[This post is part of a series of posts looking issue by issue at Joss Whedon's AXM run. For more of the same click the Astonishing X-Men label at the bottom of this post.]
This issue functions as a prologue or teaser to Torn, the six part arc centered on Casandra Nova and the Hellfire Club.
Whedon further anchors his story in Morrison's run. I discussed this at length last time, but he always goes deeper than I think he is going to -- here he returns to just before the Genosha attack and reveals that Nova was responsible for Emma's secondary mutation.
In Whedon's first issue I discussed how the "nothing has changed" line that properly opens Whedon's run is an attack on Morrison -- Morrison changed too much (so many people thought) and so Whedon was brought in to put them back, to emphasize continuity. It is important that the "nothing has changed" mantra returns in this issue twice: Wolverine opens a scene with the line, speaking to the kids recovering from Danger's attack, and Agent Brand opens a scene by saying it to the new commander of Shield. There are many layers of irony here. On the one hand Whedon protests too much. First: A lot has changed in Whedon's run. Second, as he dips into Morrison's "dangerous" changes more deeply he needs to assert his nothing has changed mantra more strongly, so he says it twice. Third, quite a bit has changed in the Marvel Universe since Whedon took over X-Men -- Fury is no longer head of Shield, and he has to acknowledge that. Not to mention Civil War. Whedon ironically puts Morrison's changes (which everyone was so upset about) in the context of the larger editorial changes to the Marvel Universe -- with Civil War, are people really going to bitch about all the continuity revisions in New X-Men?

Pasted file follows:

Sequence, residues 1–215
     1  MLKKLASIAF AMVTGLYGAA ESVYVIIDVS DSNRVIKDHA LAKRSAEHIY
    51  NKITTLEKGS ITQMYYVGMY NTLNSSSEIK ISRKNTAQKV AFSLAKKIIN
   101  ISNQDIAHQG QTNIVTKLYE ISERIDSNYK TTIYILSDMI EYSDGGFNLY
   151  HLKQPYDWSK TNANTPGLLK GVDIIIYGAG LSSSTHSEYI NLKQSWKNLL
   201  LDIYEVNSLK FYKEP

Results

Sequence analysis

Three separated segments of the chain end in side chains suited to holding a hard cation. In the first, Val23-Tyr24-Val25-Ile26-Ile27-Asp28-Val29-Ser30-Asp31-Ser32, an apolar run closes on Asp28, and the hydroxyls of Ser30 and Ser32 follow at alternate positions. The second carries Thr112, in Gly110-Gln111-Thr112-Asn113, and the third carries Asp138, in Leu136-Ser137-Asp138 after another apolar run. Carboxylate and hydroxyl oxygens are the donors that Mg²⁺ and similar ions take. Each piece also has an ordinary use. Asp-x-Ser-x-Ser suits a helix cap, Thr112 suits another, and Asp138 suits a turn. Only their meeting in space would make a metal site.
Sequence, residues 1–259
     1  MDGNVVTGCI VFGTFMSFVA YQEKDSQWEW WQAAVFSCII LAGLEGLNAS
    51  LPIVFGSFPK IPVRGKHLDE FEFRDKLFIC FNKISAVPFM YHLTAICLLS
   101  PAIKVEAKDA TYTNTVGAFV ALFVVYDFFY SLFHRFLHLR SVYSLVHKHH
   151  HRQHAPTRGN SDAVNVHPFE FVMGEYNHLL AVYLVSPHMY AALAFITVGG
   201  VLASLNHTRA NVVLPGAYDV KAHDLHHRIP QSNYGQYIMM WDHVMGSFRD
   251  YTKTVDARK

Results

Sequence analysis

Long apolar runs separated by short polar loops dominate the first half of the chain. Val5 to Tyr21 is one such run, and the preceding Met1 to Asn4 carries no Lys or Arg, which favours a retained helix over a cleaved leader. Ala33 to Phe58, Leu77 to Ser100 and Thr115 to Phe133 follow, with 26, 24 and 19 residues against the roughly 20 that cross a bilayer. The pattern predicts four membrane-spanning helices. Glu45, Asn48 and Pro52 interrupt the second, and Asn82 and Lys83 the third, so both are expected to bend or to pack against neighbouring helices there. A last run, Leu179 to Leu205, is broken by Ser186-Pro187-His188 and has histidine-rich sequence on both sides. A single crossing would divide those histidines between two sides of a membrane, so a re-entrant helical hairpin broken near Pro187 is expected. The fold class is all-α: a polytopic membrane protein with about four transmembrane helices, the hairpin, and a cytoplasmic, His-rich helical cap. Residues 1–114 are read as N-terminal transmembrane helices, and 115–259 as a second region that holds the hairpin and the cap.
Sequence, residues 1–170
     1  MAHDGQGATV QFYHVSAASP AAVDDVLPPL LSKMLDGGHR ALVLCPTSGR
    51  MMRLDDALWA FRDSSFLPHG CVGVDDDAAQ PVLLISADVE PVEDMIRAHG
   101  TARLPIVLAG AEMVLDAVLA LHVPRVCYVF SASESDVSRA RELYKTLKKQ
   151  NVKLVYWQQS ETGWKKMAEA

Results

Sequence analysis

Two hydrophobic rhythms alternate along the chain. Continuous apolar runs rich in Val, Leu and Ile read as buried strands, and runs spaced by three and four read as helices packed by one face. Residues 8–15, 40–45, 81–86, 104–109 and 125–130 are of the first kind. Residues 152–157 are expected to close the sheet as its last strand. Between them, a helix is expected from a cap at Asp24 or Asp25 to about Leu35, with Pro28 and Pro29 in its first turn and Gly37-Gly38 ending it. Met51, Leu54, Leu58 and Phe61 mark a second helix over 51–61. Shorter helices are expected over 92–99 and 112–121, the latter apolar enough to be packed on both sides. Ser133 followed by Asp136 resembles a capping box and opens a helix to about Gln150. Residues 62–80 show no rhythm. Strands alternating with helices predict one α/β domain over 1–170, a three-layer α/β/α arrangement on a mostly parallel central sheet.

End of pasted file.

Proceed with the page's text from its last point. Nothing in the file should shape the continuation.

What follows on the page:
Sebastian Shaw is hard to take seriously. Whoever designed him decided that a male villain should unironically wear a large purple bow in his hair. I am sure it was based on some Victorian fashion design and was terrible accurate, but taken out of context -- as he is in this issue -- keeps poking out at me as unintentionally silly.
Whedon builds some great mysteries here with what the Hellfire Club is after, how they can be in the mansion, how Casandra Nova, who needs no teammates, is involved, and who the person is in the cloak. Particularly smart is when Emma admits to loving Scott "with all [her] predator's heart." It counters a fear that Whedon is just reversing Morrison, that he is going to have Emma just say she was lying the whole time and all of Morrison's changes were an illusion. Point, Whedon.
The issue is not perfect (see the repeat background watch) but it ends with what I am going to call a major flaw -- Whedon, so spectacular at finding ending beats, ends this issue with a "shocking" image we have seen in Morrison's run: Emma in Jean's Phoenix outfit. What is wanted is surprise, and perhaps a revision. What we have is a rerun. Maybe there is something to the fact that it is the green outfit and not the red one. Maybe there is a revision here I do not see. But the first impression is that Whedon screwed up, stealing from Morrison at the end of an issue in which he invoked him as a predecessor: a deadly combination for a writer. "Look at what the last guy did" he seems to say -- "I can do that too."
Cassaday repeat background watch : Emma is repeated, Hisako is repeated, Wolverine is repeated, a student is repeated, Peter is repeated, the woman in the cloak is repeated, Kitty is repeated three times on one page and the background is repeated as well, a second whole panel with Peter and Kitty is repeated. We have a few scenes with either no background or just a pattern as a background -- trees for Nova and Emma, grey for the danger room, sunset sky for Peter and Kitty, grey for much of the mansion interiors, blue sky and white clouds for the Shield-Sword meeting, a single painting on a red wall for a second Kitty and Peter scene. What sucks about this is Cassaday is great when he decides to put work in -- in this issue Hank's lab is full of cool stuff, and the Shield carrier and Sword headquarters are wonderfully rendered. It only highlights where Casaday decides to put less work in.